Qatar-America Institute hosted the Cornell Club of Washington for a delightful evening featuring Qatari food and interesting conversation. The event featured speakers Annalise Schoonmaker (a recent Cornell graduate who worked at the Weill-Cornell Campus in Education City, Qatar), Terry Horner (President of the Cornell Club of Washington), and Congresswoman Carolyn Maloney (of New York’s 12 congressional district).
Terry Horner gave the introductory remarks and was followed by Annalise Schoonmaker who commended the university’s efforts in Doha. She stated,
“As all you Cornell graduates know, Ithaca is the coldest place on this planet. So when I decided to go to Qatar, I ended up moving to the hottest place on the planet. Initially, I was only supposed to stay at the campus for one year but ended up falling in love with the people and the overall experience. So, I decided to stay another year and a half making my time in Qatar a full two and a half years.”
Congresswomen Carolyn Maloney commented on the strength of the US-Qatar partnership, discussing the origins of the friendship, Qatar’s commitment to progressive liberal values, and the nations passionate emphasis on the state and quality of education in the country.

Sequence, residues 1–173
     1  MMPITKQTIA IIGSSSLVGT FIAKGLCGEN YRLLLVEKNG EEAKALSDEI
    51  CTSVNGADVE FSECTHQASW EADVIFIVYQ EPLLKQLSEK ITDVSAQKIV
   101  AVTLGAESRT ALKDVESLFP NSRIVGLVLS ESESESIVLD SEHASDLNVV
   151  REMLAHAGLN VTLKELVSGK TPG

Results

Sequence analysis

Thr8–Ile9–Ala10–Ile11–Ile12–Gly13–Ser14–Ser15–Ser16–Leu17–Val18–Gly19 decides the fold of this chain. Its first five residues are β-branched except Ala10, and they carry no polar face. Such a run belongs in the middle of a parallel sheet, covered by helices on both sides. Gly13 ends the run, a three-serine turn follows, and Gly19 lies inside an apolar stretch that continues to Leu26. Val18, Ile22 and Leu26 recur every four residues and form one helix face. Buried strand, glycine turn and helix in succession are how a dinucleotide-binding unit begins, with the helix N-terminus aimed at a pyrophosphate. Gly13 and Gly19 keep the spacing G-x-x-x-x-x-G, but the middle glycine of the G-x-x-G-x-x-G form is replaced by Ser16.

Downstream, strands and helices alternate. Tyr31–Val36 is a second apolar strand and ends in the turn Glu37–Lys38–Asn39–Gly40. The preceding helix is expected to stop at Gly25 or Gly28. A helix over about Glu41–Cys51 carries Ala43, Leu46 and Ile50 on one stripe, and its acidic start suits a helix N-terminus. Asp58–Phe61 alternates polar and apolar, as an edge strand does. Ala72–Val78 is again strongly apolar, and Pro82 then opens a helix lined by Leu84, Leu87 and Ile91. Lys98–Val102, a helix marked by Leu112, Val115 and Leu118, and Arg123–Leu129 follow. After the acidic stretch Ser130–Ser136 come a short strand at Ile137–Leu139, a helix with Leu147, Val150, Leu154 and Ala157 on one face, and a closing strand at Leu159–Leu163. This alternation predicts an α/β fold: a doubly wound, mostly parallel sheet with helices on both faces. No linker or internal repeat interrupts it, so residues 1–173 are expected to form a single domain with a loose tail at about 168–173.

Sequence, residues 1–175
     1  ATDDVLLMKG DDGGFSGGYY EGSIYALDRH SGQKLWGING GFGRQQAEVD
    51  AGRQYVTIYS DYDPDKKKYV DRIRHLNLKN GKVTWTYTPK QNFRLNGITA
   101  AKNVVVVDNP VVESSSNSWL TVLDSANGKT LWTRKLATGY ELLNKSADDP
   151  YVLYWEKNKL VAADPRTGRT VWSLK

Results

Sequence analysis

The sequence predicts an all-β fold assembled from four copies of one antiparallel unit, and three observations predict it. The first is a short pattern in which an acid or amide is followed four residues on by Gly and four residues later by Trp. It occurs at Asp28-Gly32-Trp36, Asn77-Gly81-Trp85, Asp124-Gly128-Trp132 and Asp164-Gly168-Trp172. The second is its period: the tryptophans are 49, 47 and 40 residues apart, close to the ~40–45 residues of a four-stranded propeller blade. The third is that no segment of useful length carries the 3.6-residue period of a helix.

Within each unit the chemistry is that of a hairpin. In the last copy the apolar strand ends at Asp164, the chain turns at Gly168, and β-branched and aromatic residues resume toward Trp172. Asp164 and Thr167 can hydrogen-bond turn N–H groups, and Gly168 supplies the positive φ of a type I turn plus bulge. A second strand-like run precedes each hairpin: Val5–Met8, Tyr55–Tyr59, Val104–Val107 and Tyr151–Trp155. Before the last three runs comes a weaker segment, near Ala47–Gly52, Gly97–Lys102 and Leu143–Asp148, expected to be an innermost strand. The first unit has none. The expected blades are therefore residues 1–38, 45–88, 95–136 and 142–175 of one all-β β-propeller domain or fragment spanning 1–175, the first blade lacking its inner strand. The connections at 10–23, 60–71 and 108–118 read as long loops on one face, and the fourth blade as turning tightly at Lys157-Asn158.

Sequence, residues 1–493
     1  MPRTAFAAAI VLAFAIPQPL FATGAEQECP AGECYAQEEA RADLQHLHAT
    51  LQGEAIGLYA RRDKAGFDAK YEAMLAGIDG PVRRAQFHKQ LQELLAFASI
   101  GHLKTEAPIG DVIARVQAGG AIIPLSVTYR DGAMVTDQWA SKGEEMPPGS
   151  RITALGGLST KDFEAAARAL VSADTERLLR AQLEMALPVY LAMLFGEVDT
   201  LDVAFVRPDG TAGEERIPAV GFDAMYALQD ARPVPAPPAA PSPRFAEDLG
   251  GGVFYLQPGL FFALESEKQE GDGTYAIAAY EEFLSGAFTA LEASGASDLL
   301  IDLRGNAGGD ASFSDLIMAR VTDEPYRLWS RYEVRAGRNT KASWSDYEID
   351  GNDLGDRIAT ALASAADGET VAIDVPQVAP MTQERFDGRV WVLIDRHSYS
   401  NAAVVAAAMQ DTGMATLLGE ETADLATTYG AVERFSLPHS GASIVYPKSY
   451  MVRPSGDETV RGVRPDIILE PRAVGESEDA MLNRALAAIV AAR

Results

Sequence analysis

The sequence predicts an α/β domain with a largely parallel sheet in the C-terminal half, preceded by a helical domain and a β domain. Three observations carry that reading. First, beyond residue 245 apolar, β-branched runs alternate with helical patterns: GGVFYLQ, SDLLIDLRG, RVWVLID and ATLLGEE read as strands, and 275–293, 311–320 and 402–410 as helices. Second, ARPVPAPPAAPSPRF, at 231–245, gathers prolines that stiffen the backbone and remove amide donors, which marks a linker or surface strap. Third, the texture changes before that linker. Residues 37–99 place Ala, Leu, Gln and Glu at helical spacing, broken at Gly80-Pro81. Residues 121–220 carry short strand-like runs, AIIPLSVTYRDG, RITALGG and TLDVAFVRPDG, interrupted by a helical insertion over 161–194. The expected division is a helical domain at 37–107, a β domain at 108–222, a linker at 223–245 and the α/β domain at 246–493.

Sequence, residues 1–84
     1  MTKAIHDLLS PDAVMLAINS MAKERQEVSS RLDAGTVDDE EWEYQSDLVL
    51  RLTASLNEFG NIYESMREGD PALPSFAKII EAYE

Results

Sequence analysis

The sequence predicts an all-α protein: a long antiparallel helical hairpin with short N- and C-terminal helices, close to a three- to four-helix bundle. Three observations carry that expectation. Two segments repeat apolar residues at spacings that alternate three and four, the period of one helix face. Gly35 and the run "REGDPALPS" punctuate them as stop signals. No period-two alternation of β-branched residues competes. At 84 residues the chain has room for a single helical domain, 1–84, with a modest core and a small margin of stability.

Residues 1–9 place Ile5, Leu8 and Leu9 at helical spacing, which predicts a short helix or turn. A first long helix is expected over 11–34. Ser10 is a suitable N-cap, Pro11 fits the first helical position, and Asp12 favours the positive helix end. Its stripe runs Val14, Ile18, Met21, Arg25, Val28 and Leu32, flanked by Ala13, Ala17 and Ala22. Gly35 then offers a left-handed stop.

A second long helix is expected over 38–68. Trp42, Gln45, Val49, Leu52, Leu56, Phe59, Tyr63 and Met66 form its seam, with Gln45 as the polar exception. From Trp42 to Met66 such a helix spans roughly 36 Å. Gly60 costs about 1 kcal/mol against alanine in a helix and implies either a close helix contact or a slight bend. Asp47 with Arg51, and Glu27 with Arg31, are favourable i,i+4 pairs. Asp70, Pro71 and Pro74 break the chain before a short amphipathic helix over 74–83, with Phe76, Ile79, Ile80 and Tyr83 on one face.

Specifically, she stated,
“When you go to Education City, you have all the top American schools. You have Carnegie Mellon on this side and Texas A&M on that side, and you have all these schools and what I really commend Qatar and the Qatar Foundation for is their insistence in having a degree from an Education City campus hold the same weight as the degree from an American campus.”
She went on to say that,
“Qatar was the first country in the Middle East to give both men and women the right to vote in municipal election. This was a really big thing, this was before any of this modernization efforts currently going on.”
In regards to the bilateral relationship between the United States and Qatar, she stated,
“Qatar was already pursuing and establishing a base of values that Americans also hold. Qatar’s Cornell campus opened in 2001, long before the US had a military base in the country. In fact, when we were asked to leave our previous base, Qatar gladly welcomed us and offered to build a base for us. I think the bond between Qatar and the United States is a strong one and I think it will continue to be so.”
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